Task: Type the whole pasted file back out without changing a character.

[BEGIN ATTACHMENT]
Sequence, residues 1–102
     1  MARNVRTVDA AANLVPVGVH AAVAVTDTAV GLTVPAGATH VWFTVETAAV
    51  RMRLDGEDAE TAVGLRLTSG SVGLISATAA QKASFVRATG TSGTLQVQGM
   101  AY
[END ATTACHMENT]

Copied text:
Sequence, residues 1–102
     1  MARNVRTVDA AANLVPVGVH AAVAVTDTAV GLTVPAGATH VWFTVETAAV
    51  RMRLDGEDAE TAVGLRLTSG SVGLISATAA QKASFVRATG TSGTLQVQGM
   101  AY